Bed #1: The design process

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Blog entry by tyskkvinna posted 04-28-2010 06:22 PM 5001 reads 0 times favorited 13 comments Add to Favorites Watch
no previous part Part 1 of Bed series Part 2: Head and Footboard (Part 1) »

I am embarking on my first piece of actual furniture. It is going to be a bed, which I am making for myself.

I saw something I really liked and inspected it thoroughly.. then drew up a design.


This is what the rough design looks like. I would really appreciate some input.

The foot/head is 24” tall and the sides are 12”. I may knock the sides down a bit, I’m not sure. I have some 2×6 so it may end up being 11”...

What I am going to do for the head/foot is use plywood and then add a face to it. I have been making 1/2” planks from scrap wood to make a facade. It’s mostly pine, but also some oak and redwood. By pine I mean “dimensional lumber I have planed until I like it”.

One of the things I like best about the design is how you do not see any legs from the sides. The mattress will sit inside of it, so you will not see the interior of the frame. I want it to sit inside just enough so that it won’t move. Maybe 2”..

It’s a full-size bed.

My questions are as such:

1) Should this be sturdy enough? Will one vertical in the centre be okay, or should I have more?
2) I have a lot of 3/4” OSB – would that be ok as the backing/structure pieces? Or should I get plywood? Will 3/4” ply be okay? I would do it for all four outside pieces.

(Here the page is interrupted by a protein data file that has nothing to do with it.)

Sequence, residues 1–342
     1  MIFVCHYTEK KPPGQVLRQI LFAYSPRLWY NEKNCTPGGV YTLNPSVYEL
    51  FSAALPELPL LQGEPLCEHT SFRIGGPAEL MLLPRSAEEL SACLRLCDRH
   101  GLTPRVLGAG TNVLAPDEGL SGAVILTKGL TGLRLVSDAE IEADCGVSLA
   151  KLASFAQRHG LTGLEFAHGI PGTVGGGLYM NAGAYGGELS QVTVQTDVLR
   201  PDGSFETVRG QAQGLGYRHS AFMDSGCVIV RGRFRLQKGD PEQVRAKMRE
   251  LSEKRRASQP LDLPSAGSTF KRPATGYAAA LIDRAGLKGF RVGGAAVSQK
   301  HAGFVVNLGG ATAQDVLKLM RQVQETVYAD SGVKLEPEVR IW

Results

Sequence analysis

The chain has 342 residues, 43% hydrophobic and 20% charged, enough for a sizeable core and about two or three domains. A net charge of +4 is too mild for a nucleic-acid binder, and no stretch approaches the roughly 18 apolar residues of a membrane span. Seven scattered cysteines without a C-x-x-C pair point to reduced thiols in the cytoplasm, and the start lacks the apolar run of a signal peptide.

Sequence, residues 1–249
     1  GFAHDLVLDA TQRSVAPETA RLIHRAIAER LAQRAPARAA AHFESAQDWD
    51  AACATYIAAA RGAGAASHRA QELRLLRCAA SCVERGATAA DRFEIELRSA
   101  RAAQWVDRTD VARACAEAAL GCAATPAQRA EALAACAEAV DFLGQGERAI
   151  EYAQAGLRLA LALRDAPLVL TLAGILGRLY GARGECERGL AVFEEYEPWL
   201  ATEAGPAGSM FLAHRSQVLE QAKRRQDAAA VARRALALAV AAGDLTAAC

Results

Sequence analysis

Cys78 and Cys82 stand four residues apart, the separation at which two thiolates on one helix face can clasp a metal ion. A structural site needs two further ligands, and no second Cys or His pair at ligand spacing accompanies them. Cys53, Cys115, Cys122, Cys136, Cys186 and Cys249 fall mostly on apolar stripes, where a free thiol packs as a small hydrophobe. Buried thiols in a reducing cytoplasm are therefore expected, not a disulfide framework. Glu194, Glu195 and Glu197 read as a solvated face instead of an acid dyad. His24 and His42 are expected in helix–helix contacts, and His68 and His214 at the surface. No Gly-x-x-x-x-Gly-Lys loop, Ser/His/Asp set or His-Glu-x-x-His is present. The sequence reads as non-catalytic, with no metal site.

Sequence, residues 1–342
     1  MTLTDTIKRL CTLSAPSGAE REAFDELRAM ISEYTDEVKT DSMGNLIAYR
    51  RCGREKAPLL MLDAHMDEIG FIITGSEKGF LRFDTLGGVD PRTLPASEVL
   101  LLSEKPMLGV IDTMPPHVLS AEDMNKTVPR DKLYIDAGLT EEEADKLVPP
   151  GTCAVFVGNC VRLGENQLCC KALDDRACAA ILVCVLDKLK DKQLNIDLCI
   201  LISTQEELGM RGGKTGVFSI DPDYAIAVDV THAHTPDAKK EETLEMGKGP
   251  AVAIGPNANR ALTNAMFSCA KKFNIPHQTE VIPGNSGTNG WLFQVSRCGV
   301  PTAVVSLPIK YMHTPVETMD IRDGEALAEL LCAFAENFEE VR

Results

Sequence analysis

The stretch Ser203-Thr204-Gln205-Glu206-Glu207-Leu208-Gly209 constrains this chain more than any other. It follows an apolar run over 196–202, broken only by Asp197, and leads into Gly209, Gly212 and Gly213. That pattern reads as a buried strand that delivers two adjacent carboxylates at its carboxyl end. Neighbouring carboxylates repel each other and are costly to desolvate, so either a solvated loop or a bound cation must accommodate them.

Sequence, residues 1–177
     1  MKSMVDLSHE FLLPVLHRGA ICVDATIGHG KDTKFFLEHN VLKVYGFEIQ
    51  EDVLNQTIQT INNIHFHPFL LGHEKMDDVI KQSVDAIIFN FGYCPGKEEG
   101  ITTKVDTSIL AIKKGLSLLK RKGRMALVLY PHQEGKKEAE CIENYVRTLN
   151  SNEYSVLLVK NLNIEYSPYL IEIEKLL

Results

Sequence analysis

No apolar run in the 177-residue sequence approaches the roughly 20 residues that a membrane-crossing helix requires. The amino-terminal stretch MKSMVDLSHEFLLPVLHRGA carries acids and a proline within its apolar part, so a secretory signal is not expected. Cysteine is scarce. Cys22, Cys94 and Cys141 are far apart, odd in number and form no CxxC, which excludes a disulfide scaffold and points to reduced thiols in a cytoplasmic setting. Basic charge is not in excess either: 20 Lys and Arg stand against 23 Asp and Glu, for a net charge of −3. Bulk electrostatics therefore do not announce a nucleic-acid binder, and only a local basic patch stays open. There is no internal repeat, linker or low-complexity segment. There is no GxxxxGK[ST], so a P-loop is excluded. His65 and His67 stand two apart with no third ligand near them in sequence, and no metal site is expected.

3) For the brace pieces (the yellow ones in the drawing) what size should the wood be?
4) What wood would be best for the support planks (the periwinkle)? I would prefer to use generic 1×2 or 1×3 but I’ve never done this so I don’t know…
5) I was kind of thinking of routing grooves for the planks to go in the support beams. So that everything lies flush. Yes/no? (It’d be easy for me to do..)

Also, I am making this so that I can disassemble it as necessary. (I anticipate moving a few times over the next 2-3 years) so I’m thinking of using metal brackets for all of the assembly. I’m thinking of something like this. For the centre rail I’m thinking of something like this.

Please forgive my noob-ness. I appreciate any and all suggestions!

-- Lis - Michigan - -

13 comments so far

View lumberdustjohn's profile


1263 posts in 3188 days

#1 posted 04-28-2010 07:04 PM

Looks like plenty of support to me.

Here’s what I use.
I use 3 cross supports oak 3/4×3 inches for a full and twin bed.
A queen and king gets 4 supports with the center of the supports getting braces to the floor.

-- Safety first because someone needs you.

View PurpLev's profile


8536 posts in 3670 days

#2 posted 04-28-2010 07:19 PM

for a full-size you probably don’t need the leg in the center. the 3 cross bars should be more than enough.

as for the design – it’s a bit high for my taste (had something similar). if you are setting it this high, its usually to make use of the space underneath, in which case you may want to make the sides plywood narrower to give you more access to the space below – just a thought.

I wouldn’t worry about flushing the slats with the cross bars, they are not for beauty – just to support the mattress while still leaving room for air to circulate. you may want to notch them however to keep them from moving around ( or screwing them to the bars would be the other more common alternative

-- ㊍ When in doubt - There is no doubt - Go the safer route.

View tyskkvinna's profile


1310 posts in 3007 days

#3 posted 04-28-2010 07:43 PM

The flushing idea was so that they would not move. :) Nothing aesthetic.

I am happy to hear all of this! I was really concerned it would not be sturdy enough. Maybe I’ve just heard too many horror stories of IKEA beds.

-- Lis - Michigan - -

View crank49's profile


4032 posts in 2992 days

#4 posted 04-28-2010 08:21 PM

How high above the sides do you expect the mattress to extend. I only mention this because the design looks a little like a waterbed frame. I never cared for the sideboards knocking me in the head if I got too close to the edge, or digging into the backsides of my legs if I was sitting on the bed with my legs hanging over the side.